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Filament Translation Notes

SevenFacedBird Mar 11th, 2015 (edited) 38 Never
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  1. She Got Off the Bus at the Peninsula author's note
  2. ----
  3.  
  4. Aokigahara is a forest near Mount Fuji in Japan that's (in)famous for being a
  5. place where people go to commit suicide.
  6.  
  7. The Labyrinth Cat author's note
  8. ----
  9.  
  10. Wikipedia has a great article on Battleship Island if you're curious about it:
  11. http://en.wikipedia.org/wiki/Hashima_Island
  12.  
  13. Who art thou?
  14. ----
  15.  
  16. The title of this chapter is a reference to the origins of the word "dusk"(黄昏 - tasogare)
  17. in Japanese. It refers to the time of day in the evening where you can't tell
  18. who someone is, and the story plays off of that. The original title is in an older
  19. form of Japanese, hence "Who art thou?" in the English.
  20.  
  21. Surface Bubbles
  22. ----
  23.  
  24. The title for this chapter has a dual meaning. The word, うたかた - utakata, is often used to mean "transient",
  25. "ephemeral", and so on. However, it also means "surface bubbles", and the author makes use
  26. of these meanings in a number of ways.
  27.  
  28. The Flower-Lined Path Home
  29. ----
  30. In this chapter, the author gives clues all throughout hinting at what's going on. The first lines of the first page
  31. talk about a "yearly" trip home. A couple pages later, there's a conversation that mentions it's
  32. obon season, a time where Japanese pay respects to their ancestors and their dead.
  33. The final pages make clear what the hints have been leading up to. The woman calling out to an empty room,
  34. the calendar indicating it's the 15th and the peak of obon, and the incense and her holding her
  35. hands together in prayer all come together to show that the boy is a dead spirit coming for his yearly
  36. visit during obon.
  37.  
  38. Summer's Sky
  39. ----
  40.  
  41. On the third page of this story it makes mention of "shouryou". This is an actual word
  42. in Japanese that means "dead spirit" or "spirit of the deceased", but the author wrote it in hiragana
  43. with emphasis marks, and the dialogue which follows the word indicates that it holds a slightly different
  44. meaning in the world of this story. As such, I left it as is to show that it's the name of something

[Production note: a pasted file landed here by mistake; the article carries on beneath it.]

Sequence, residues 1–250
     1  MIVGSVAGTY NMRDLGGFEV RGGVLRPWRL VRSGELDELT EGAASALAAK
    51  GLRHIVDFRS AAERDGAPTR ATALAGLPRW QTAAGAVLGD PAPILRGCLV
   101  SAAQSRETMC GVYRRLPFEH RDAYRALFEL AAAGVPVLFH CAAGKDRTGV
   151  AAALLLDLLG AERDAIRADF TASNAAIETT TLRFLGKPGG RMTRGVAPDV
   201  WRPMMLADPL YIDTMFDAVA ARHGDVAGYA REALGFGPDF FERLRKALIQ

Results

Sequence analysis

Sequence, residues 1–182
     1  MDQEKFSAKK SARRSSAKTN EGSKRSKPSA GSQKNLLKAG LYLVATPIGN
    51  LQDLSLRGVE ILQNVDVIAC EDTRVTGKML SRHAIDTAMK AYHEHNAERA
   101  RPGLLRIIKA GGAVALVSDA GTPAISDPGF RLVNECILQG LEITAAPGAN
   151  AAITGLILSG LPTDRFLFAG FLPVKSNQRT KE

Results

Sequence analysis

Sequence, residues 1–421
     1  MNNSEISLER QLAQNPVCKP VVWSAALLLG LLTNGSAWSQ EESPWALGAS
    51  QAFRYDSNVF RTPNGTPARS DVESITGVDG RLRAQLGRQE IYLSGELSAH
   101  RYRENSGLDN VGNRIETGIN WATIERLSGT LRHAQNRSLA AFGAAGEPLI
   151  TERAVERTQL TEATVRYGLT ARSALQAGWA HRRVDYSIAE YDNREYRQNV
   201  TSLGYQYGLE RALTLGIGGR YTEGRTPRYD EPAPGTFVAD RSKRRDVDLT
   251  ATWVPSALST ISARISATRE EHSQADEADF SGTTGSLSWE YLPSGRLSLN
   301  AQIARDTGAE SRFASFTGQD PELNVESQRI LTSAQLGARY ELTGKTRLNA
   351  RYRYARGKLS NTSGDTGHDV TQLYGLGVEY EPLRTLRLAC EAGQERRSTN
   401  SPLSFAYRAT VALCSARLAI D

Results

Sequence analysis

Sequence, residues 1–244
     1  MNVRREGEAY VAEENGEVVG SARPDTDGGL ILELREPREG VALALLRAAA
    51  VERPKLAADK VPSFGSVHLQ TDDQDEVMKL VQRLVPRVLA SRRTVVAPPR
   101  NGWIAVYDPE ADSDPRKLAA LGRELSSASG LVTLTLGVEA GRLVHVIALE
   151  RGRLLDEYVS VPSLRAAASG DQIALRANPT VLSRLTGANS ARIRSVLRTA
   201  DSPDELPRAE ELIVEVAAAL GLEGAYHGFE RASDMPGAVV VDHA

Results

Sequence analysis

45. rather than a concept.
  46.  
  47. House of Fossils
  48. ----
  49.  
  50. The word used to refer to the woman here has the meaning of "kept woman" or "mistress", but also,
  51. due to the kanji used, indicates someone enclosed or surrounded. Thus, while at first the word
  52. is taken at face value and we're told she's a mistress, later on we see that she lives surrounded
  53. by rocks and fossils, playing off the second meaning of the word.
  54.  
  55. Mar-man
  56. ----
  57.  
  58. I did some searching around, but I couldn't figure out whether or not the tale in this story has
  59. some basis somewhere else. I'm leaning towards it being the author's creation.
  60. As far as I know, mar-man is just an alternate spelling for merman.
  61.  
  62. Mushishi - Azure Music
  63. ----
  64.  
  65. The kanji used for "mushi"(虫) in this chapter is a common kanji used for bugs and the like. This is in contrast
  66. to the kanji used for "mushi"(蟲) in the newer Mushishi series which is an older, less-common variant.
  67. Many of the terms used in this chapter are real terms used in the past. For instance, the kan mushi
  68. is said to be the cause of night crying, convulsions, and other symptoms babies and young children are prone to.
  69. It's an old term from Chinese medicine passed on into Japanese folk customs. I guess the point I'm trying to make
  70. here is that this version of Mushishi seemed to rely on existing concepts and the idea of bugs (as evidenced by the
  71. kanji used, the mention of the rhino beetle early on, and the use of kan mushi) for its base. This differs from
  72. the newer series, which focuses much more on spiritual concepts.
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